SAVANA ROVIRA / THE EAGLE
October has decided to bring in the crisp fall weather a little bit sooner than usual. Nonetheless, there are still countless monuments and memorials to visit that are free and open to the public at all times. Plus, the Scene has also provided suggestions of some alternative, must-see locales.
Monuments / Memorials
Metro: Blue Line, Smithsonian
Head down to the National Mall to bask in the glory of the famed monuments and memorials that D.C. boasts. A quick stroll around the grassy knolls and Reflecting Pool will send visitors around to most of the important memorials, including:
•The Vietnam War Memorial — though the memorial is, in essence, just a large slab of stone, it has a haunting beauty befitting of its purpose.
•Lincoln Memorial — right at the head of the Reflecting Pool is arguably D.C.’s most famous monument. It looks huge in pictures, but it is much grander in person. Lincoln is immortalized in a Grecian-style temple, crafted in beautiful white marble.
•Washington Monument — the gigantic, 555-foot obelisk is a tribute to founding father George Washington. Unfortunately, the inside of the monument is still closed due to repairs, but don’t let that stop you from seeing it. The Pencil is a D.C. landmark. Revel in its grandeur and take lots and lots of pictures.
•Martin Luther King, Jr. Memorial — ne of the newest additions to the National Mall, this memorial is a bust of MLK Jr. posing proudly, jutting out from large slabs of white marble.
To add to the traditional monument/memorial exploring adventure, check out the D.C. Trolley Tours. They not only do a Monuments by Moonlight Tour, but they also take visitors around to out-of-the-way sites like the Iwo Jima Memorial in Arlington, Va. The 2 ½-hour tour costs $35, and tickets can be ordered online or purchased over the phone.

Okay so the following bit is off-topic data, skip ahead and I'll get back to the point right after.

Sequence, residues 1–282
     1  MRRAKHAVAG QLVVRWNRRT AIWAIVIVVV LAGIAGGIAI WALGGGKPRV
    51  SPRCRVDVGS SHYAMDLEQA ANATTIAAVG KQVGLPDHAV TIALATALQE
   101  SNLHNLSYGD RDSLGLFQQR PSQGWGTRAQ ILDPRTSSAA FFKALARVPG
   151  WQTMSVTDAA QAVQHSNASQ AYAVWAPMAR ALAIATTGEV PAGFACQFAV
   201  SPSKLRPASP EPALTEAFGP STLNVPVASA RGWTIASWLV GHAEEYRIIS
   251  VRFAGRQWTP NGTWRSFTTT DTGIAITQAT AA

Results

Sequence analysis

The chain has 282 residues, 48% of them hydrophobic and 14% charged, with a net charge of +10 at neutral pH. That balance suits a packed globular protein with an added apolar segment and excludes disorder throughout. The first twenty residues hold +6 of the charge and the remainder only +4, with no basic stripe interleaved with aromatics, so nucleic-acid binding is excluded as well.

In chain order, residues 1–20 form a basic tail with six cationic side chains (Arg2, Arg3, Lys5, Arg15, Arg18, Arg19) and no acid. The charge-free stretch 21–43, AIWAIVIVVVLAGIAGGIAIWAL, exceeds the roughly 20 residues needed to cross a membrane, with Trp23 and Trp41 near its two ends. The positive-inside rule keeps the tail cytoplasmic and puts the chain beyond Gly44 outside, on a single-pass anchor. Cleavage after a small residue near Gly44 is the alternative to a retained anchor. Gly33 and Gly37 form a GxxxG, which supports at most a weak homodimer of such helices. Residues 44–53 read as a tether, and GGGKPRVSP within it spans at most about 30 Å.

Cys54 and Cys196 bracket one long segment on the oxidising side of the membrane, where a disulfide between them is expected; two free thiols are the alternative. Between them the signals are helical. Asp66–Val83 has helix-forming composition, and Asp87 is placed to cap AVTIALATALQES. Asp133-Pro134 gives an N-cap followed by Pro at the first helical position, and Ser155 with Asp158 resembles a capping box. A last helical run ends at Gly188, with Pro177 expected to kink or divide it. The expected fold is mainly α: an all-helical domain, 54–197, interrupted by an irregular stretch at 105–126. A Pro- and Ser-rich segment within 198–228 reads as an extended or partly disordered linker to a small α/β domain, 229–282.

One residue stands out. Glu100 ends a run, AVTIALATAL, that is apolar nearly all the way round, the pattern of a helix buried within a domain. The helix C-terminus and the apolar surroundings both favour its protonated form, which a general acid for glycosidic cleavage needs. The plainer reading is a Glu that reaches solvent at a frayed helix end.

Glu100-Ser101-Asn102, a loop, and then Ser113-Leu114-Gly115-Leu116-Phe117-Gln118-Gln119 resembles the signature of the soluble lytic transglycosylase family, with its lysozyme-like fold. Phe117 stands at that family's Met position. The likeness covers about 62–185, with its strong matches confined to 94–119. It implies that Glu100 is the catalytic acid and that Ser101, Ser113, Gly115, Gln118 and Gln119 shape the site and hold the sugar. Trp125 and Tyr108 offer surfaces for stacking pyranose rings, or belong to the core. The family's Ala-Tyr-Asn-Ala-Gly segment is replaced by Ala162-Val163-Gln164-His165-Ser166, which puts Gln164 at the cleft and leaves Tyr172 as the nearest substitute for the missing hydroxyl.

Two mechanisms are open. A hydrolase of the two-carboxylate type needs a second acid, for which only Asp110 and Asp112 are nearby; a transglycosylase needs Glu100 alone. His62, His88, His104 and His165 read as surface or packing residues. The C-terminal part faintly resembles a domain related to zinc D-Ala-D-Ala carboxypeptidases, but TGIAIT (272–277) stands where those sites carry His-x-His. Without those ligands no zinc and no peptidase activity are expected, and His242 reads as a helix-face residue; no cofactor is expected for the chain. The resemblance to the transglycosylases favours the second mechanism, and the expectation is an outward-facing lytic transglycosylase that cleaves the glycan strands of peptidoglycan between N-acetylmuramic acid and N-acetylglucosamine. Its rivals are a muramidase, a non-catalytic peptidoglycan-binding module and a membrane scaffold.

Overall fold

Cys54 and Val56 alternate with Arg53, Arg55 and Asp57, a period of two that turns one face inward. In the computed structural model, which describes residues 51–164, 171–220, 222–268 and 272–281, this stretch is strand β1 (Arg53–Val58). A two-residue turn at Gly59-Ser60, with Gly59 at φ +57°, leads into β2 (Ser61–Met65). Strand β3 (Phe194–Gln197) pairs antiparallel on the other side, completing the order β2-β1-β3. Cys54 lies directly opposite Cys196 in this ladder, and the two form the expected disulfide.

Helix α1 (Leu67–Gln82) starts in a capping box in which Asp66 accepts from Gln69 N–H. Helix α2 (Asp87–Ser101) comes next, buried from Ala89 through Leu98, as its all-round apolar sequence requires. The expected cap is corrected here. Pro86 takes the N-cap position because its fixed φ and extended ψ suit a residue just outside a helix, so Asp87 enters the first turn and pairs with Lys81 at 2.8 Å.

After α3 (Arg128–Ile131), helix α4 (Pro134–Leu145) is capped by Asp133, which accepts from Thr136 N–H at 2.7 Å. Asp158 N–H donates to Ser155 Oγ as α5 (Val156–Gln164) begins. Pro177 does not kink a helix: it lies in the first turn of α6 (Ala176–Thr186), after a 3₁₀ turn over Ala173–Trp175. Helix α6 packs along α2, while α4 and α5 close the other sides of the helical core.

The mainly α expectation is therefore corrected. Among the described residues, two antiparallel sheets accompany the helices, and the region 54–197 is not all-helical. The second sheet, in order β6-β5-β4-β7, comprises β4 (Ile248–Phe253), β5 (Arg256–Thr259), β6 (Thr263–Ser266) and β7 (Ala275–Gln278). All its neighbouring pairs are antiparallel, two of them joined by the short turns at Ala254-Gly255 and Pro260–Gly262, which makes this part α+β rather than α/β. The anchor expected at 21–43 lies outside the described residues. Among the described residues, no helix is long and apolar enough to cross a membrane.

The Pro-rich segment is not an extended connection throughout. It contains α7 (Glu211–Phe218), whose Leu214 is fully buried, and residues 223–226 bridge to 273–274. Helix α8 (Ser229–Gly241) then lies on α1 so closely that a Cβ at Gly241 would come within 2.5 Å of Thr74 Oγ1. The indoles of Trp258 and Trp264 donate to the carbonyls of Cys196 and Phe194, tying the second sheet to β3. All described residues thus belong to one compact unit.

•Take a trip to the U Street Corridor and visit the African American Civil War Memorial. Though not as grand as the ones you’ll find on the Mall, it’s still a must-see. In addition, its location brings you to U Street, a historic neighborhood in D.C. chock full of landmarks like Ben’s Chili Bowl.
•Hop on the bus down to Georgetown to visit Old Stone House, D.C.’s oldest unchanged building, as well as D.C.’s last pre-revolutionary, colonial building. It’s easy to overlook among the hustle and bustle of M Street, but is a beautiful respite from the city. Take a stroll in the garden in the backyard and marvel at the wonderfully preserved, modest bedrooms and ridiculously low ceilings.
•Meridian Hill Park, unofficially known to locals as Malcolm X Park, is undoubtedly one of the best landmarks in D.C. The park was originally built in 1819 as a mansion that was later home to John Quincy Adams in 1829 when he left the White House, according to its website. It later became campgrounds for Union troops, and in 1994, President Bill Clinton designated it a National Historic Landmark. The Park is a beautiful, sprawling site with numerous Italian Renaissance-style fountains and statues across 12 acres of French Baroque-style gardens. It’s a beautiful location to sit and have a picnic, all while being a part of historic D.C.